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Meetings

The Randolph County Beekeepers Association meets on the first Tuesday of every month.
Where:
Ag. Ext. Office
1003 South Fayetteville St..
Asheboro, NC
Time:
7:00PM till ??9:00PM??
Visitors are welcome.

Queen color ID

What & When

What & When

THE BEEKEEPER’S YEAR
IN PIEDMONT NORTH CAROLINA

This calendar is only a suggested checklist of events in the beekeeper’s year. Weather conditions, hive locations, and the type of bees you have can and will influence your activities throughout the year. This list is meant as an overview of what’s taking place in the hive each month. It also makes suggestions on various tasks the beekeeper should be doing in that month.

January
The Bees.
This month the queen is surrounded by thousands of her workers. She is in the midst of their winter cluster. There is little activity for the bees this month except maybe on a warm day (about 45-50 degrees) when the workers will take the opportunity to make cleansing flights. There are no drones left in the hive, but some worker brood will begin to appear. This month the bees will consume about 25 pounds of honey.
The Beekeeper.
Often this is a quiet month for the beekeeper. If there is a heavy snow, make certain the entrance to the hive is cleared to allow for proper ventilation. You may need to start feeding the hive this month. Once you start feeding the hive you must continue feeding until they are gathering food on their own. This is a great time to catch up on your reading about the latest buzz and to study up for that beekeeper’s course you’ve been thinking about taking. Don’t forget to attend your next club meeting and start building and repairing the equipment you might need for this coming season. Go ahead and order that package of bees, if needed, from a reputable supplier.

February
The Bees.
Early in the month, the queen is still cozy in the cluster. She will begin to lay a few more eggs each day. There are still no drones in the hive. Workers will take cleansing flights on mild days.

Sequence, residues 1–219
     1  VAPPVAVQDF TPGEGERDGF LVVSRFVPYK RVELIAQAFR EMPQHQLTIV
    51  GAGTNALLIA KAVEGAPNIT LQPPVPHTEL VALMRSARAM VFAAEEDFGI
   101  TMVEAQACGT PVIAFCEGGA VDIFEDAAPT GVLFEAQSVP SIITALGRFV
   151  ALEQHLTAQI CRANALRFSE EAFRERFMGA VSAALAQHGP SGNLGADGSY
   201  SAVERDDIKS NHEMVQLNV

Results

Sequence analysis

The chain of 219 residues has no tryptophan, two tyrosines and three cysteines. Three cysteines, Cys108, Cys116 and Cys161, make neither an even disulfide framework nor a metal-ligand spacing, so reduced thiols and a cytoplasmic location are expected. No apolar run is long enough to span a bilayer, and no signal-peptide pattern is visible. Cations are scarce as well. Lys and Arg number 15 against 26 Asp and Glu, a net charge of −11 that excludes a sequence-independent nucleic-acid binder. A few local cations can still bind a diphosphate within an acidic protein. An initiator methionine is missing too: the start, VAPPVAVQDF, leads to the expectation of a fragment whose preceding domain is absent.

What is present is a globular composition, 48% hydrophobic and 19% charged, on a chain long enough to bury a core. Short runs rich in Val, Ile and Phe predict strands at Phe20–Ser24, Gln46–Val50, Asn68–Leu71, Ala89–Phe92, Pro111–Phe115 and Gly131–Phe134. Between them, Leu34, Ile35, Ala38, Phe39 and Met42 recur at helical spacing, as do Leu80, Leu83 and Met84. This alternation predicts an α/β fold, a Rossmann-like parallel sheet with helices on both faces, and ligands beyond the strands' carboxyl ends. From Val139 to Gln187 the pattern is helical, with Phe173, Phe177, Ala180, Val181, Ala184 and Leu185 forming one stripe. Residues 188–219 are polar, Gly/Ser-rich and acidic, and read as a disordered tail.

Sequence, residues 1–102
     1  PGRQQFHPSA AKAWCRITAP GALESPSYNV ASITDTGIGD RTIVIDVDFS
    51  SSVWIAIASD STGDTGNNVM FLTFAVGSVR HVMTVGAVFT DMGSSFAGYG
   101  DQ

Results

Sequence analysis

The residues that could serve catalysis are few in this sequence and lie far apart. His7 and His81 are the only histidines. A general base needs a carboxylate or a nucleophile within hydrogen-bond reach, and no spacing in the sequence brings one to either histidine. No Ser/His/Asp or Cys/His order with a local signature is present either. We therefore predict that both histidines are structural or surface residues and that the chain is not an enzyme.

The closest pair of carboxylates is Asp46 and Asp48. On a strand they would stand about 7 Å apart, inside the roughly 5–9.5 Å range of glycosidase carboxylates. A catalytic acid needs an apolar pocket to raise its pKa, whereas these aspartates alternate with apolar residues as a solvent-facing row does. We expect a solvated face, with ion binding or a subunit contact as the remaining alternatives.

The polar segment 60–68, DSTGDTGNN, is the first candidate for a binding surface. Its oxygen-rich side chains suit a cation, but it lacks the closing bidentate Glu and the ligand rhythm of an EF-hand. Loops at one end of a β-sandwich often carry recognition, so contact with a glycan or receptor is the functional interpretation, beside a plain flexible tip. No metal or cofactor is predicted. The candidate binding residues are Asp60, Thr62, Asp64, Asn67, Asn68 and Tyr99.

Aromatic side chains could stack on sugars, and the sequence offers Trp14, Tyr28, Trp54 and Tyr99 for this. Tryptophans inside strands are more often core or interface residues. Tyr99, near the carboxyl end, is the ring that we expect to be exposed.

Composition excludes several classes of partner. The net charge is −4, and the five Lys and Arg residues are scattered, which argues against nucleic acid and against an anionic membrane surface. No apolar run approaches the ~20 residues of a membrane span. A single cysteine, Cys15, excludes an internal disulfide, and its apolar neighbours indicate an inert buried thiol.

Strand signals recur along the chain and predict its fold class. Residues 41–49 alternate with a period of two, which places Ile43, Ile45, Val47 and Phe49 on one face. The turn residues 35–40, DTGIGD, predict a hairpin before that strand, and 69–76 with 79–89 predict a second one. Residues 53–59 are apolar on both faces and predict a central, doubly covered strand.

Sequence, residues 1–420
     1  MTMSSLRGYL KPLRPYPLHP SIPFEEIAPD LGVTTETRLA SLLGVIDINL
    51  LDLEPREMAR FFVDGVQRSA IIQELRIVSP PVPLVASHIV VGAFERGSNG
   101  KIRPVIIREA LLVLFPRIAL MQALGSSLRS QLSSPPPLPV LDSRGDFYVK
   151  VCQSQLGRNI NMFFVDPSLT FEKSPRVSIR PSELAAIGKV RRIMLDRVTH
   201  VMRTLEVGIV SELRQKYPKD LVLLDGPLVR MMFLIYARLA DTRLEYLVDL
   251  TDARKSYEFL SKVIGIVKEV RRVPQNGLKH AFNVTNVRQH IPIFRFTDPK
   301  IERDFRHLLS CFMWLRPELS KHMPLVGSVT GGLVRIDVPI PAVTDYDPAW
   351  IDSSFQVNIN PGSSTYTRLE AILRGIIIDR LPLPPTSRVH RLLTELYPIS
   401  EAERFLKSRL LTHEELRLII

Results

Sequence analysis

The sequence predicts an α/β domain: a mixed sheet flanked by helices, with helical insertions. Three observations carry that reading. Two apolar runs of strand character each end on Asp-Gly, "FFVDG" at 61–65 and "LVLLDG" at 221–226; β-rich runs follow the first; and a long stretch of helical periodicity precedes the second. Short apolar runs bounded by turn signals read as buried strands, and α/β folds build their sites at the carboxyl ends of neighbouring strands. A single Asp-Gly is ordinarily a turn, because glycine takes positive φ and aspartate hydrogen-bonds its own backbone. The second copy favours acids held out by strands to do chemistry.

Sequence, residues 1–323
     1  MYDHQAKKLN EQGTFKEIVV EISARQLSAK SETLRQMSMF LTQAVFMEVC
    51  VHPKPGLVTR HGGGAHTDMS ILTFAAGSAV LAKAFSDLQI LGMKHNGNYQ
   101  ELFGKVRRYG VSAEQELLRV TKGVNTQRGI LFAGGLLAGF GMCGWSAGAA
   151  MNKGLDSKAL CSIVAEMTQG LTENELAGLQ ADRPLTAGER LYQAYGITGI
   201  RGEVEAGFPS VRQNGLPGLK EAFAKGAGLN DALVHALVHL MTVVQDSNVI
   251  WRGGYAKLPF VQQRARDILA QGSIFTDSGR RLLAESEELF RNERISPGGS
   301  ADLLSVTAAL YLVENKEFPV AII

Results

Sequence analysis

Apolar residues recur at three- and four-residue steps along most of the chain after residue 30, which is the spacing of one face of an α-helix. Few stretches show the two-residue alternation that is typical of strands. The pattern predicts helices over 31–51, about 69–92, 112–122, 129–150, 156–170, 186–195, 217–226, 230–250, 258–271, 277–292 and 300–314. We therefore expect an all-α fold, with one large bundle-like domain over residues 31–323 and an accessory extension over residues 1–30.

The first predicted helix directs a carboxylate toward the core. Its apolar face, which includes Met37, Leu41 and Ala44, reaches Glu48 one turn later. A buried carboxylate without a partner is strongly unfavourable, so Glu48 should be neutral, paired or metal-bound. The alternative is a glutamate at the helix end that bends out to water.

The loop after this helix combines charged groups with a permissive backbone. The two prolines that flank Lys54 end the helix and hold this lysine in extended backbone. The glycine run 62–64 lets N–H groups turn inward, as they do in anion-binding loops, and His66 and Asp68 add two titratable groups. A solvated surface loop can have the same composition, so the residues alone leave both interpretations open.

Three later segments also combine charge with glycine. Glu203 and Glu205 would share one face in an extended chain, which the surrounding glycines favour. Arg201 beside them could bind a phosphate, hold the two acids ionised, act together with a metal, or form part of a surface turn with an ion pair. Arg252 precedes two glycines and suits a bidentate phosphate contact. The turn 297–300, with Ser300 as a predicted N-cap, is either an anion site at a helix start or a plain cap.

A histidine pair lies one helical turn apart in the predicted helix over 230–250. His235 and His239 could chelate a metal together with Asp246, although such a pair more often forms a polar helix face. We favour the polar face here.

The bees will consume about 25 pounds of food, made from a combination of honey stores and nectar from maples.
The Beekeeper.
The maple bloom begins early in the month and the beekeeper must make sure the hive is ready for it. Remember that equipment that you should have repaired last month that you put off until this month? Well, this month is here. Check the hive for sufficient food supplies, diseases, and to see if the queen is laying. More colonies are probably lost during this time of year than during all of the other winter months. A colony that is rearing brood will consume about 10 pounds of food per week, and if the weather turns bad, a colony with small food reserves can quickly starve to death. Never allow the food stores to drop below 15 pounds. If they have less than 15 pounds of honey, start feeding them stored honey or sugar water (One part sugar to one part water.) Remember, once you start feeding, you need to continue feeding until they are bringing their own food supplies in. Go ahead and make sure that you’ve signed up for that “Advanced Beekeeper Course” you’ve been saying you were going to start. Attend your bee club meetings and get your equipment ready for spring.
The Red Maples should start to bloom around the 1st of this month and will end around the 12th of March